Gilbert became the Secretary of the Cricket club at a very turbulent time. This from the 1892 AGM – The Luton Town Cricket Club had their Annual General Meeting chaired by our old friend, John Cotchin. The secretary, the former Luton Town football player Gilbert Small, reported a huge deficit in the clubs accounts in the sum of £42 15s 6d. Money spent on “professional aid” which I take to mean professional players had cost the club about £40. Rent to the Central committee was an additional £20. It was agreed that a town the size of Luton should be able to support the town’s cricket club.
The 7th October 1893 Luton Reporter said –
“MR. G. H. SMALL was on Saturday night presented with a prize as the player who had secured the best batting average for the season in connection with the Holborn Cricket Club.”
So it seems the Luton Cricket Club had folded.
Gilbert continued to play cricket well into the new century. The 1906 Luton Town C.C. records show a batting average of 38 – 3rd behind the two greats, Herbert Holdstock and Tip Brown. The 1908 Luton Town Cricket Club shows Gilbert, aged 44, was again third in the batting averages behind Holdstock and Brown.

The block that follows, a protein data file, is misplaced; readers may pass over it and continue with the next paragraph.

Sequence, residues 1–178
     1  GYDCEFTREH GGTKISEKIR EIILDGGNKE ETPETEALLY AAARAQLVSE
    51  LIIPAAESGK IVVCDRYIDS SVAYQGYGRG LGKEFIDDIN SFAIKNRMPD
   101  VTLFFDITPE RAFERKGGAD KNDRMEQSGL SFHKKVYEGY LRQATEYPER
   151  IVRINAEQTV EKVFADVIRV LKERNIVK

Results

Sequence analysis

Gilbert also represented Bedfordshire.
On the domestic front in 1891 Gilbert lived at 12 Victoria Villas, Dunstable Road with his Mother and elder brother Oliver who was a Straw Hat Manufacturer. Gilbert was a manager of a Straw Hat factory.
Gilbert married Amy Ellen Hurrell on the 25th September 1892. The Reverend O’Neil conducted the ceremony at the Parish Church. By 1901 they had 5 children and were living at 31 Brook Street. He was now a Straw Hat manufacturer.
Sadly Amy died on the 16th April 1906 aged just 40 while she was living at St. Heliers, The Downs. Things took another bad turn for Gilbert when he was made bankrupt in October 1909 while working as a Commission agent and living at 55 Dale Road.
He died in Luton in 1922 aged 58.
The Mayor of Luton, speaking at the 1922 Cricket Club AGM mentioned Gilbert’s passing and said – “nearly 30 years ago he was associated in the same business house with the late Mr G.H. Small whom he always found a good comrade and a good sport.”
Gilbert was not forgotten years later when Herbert Oclee, a fellow LTFC and Beds CC player, spoke in September 1937, clip below.